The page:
3.   If the OPoC or the Registered Name Holder does not update the contact record with corrected information within this time period, the Registrar must either place the domain name on 'hold' or revoke the registration. (PROPOSED: of not less than xx days)

4.   Before accepting the new information, the Registrar must verify that the OPoC or the Registered Name Holder is contactable using the new email address provided.

5.   If the basis for the original complaint of inaccurate data included data elements other than the email address, the Registrar must take reasonable steps to valiate corrections to these other data elements before accepting them."�

Special Circumstances Proposal

�Does not address this term of reference.

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Summary of task force discussion

�The task force broadly agreed that the OPoC proposal included an improved process for responding to complaints about inaccurate Whois data.[3] The OPoC process is summarised below:

Summary of process for responding to complaints about inaccurate Whois data (OPoC proposal)

If a registrar receives a notice of alleged inaccuracy in the contact data, the registrars must in a timely manner. Specifically;

�� 1. the Registrar notifies the OPoC/Registered Name Holder of the alleged inaccuracy in a timely manner.

�� 2. The OPoC/Registered Name Holder must correct or defend the alleged inaccuracy in a timely manner.

�� 3. If the OPoC/Registered Name Holder does not update the contact record with corrected information within this time period, the Registrar must either place the domain name on "hold" or revoke the registration.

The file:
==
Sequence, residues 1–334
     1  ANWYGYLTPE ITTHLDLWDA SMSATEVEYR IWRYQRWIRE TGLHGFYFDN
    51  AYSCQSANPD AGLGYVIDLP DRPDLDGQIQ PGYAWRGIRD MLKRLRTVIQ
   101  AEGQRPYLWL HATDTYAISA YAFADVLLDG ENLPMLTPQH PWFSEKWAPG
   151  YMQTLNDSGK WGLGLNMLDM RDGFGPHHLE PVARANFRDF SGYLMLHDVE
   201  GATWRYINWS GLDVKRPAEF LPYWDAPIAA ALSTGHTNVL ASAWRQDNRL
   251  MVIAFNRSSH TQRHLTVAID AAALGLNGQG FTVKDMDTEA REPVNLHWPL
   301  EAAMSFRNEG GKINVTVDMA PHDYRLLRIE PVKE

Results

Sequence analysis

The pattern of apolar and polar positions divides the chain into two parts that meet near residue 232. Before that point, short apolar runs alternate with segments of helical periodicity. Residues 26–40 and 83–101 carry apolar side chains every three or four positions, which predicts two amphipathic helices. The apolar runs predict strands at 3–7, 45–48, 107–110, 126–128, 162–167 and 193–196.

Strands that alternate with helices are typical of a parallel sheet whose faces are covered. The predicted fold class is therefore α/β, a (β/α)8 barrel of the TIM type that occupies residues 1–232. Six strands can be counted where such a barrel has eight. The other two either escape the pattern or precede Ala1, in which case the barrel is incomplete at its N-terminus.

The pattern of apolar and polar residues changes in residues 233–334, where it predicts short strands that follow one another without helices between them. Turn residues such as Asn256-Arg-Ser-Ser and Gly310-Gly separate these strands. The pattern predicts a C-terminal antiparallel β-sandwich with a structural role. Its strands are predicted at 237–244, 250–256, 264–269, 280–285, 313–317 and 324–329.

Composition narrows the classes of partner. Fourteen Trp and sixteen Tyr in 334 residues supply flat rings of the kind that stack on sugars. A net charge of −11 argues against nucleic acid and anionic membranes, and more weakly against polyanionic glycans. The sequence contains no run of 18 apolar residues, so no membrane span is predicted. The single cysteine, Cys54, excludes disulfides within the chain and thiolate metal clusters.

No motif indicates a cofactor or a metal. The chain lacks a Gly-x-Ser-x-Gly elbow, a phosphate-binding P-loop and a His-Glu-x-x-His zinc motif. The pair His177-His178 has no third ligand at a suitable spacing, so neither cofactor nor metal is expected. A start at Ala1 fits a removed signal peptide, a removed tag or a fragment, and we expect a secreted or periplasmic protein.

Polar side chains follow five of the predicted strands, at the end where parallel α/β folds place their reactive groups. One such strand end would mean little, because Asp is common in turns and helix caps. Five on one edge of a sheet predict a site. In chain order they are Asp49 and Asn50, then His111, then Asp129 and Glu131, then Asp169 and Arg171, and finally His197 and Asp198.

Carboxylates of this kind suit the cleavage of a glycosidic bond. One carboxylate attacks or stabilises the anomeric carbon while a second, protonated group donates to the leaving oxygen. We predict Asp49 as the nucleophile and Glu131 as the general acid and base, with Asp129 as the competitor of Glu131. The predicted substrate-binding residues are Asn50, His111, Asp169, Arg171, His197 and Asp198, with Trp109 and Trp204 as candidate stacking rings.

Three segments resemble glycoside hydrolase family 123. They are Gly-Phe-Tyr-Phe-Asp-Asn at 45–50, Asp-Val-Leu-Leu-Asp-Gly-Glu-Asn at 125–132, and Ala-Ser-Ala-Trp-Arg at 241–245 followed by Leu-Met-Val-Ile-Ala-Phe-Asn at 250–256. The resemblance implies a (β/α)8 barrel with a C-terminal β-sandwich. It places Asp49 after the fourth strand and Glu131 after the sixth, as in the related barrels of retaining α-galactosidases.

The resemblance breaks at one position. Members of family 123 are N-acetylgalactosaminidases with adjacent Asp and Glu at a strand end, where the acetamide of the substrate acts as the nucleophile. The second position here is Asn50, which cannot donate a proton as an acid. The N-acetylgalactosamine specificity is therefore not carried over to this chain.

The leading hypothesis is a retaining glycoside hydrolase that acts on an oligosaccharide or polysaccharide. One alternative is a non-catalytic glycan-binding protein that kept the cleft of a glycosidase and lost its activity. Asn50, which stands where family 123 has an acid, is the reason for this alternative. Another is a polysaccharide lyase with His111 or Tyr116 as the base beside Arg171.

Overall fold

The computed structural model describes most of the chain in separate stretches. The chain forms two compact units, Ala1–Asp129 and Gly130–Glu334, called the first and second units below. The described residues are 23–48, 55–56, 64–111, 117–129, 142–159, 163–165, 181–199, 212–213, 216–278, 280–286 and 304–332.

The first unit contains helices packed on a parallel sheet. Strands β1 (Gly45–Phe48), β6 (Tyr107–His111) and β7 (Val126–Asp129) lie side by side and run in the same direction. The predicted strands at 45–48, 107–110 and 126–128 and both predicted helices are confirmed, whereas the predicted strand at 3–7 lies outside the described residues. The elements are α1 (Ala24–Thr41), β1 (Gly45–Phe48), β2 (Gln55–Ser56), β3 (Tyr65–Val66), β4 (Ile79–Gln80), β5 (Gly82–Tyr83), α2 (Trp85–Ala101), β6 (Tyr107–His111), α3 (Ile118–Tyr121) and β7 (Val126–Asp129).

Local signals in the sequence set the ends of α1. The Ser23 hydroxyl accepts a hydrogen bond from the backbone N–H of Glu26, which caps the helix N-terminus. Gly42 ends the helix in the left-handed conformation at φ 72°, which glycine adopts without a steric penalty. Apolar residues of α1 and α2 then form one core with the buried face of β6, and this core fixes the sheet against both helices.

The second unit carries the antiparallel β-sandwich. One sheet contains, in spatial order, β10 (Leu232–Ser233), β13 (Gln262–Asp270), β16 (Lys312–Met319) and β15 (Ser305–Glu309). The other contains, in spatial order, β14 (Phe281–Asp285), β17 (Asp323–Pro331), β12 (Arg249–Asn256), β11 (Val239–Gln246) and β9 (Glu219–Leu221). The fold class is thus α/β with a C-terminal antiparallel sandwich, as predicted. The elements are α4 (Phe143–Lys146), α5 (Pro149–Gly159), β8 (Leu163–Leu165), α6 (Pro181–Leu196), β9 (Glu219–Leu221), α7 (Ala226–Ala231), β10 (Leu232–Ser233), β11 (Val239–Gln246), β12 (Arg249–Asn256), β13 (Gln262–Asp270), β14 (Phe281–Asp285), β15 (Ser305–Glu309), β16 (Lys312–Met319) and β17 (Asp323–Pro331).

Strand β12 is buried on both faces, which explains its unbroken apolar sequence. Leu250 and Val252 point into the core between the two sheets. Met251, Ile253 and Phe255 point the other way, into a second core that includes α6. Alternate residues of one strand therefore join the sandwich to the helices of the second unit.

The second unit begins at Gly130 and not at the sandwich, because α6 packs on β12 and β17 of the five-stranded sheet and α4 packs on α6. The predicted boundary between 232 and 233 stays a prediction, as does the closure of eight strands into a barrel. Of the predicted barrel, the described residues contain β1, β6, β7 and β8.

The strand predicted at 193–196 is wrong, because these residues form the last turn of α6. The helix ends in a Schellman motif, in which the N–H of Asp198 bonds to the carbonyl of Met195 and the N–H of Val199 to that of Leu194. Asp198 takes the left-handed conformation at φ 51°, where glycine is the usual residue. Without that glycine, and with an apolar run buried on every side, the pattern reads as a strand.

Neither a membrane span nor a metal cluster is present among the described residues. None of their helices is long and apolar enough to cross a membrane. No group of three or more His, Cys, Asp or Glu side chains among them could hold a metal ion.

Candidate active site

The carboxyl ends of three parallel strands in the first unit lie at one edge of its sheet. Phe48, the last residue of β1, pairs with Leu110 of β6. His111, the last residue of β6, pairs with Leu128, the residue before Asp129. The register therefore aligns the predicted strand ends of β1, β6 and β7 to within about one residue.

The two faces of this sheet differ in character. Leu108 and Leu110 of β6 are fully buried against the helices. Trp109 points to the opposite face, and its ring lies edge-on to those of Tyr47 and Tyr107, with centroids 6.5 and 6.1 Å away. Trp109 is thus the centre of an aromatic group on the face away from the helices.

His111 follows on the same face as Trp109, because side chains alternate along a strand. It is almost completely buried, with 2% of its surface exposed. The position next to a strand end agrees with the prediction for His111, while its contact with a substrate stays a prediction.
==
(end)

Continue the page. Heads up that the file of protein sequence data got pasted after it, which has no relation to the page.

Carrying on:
�� 4. Before accepting new information, the Registrar must verify that the OPoC/Registered Name Holder is contactable using the new email address provided.

�� 5. If the original complaint included data other than the email address, the Registrar must take reasonable steps to validate the corrections before accepting them.

(The full text of this process is in Annex A of this report.)

The task force agreed broadly on the steps of this process. However, there was not agreement on what 'a timely manner' is, in number of days, and whether it might be interpreted differently when applied to the OPoC or the registered name holder.

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Constituency statements

Constituency statements are being solicited in parallel with the public comments period held from November 2006 to January 15th, 2007. The Final Task Force Report to be submitted to the GNSO Council will include the Constituency Statements.

According to the ICANN bylaws (Annex A, paragraph 7.d.1; http://www.icann.org/general/bylaws.htm#AnnexA), each Task Force Report must include:

"1. A clear statement of any Supermajority Vote position of the task force on the issue;

2. If a Supermajority Vote was not reached, a clear statement of all positions espoused by task force members submitted within the twenty-day timeline for submission of constituency reports. Each statement should clearly indicate (i) the reasons underlying the position and (ii) the constituency(ies) that held the position;

3. An analysis of how the issue would affect each constituency of the task force, including any financial impact on the constituency;

4. An analysis of the period of time that would likely be necessary to implement the policy; and

5. The advice of any outside advisors appointed to the task force by the Council, accompanied by a detailed statement of the advisors' (i) qualifications and relevant experience; and (ii) potential conflicts of interest. "

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Statement of the Commercial and Business Users Constituency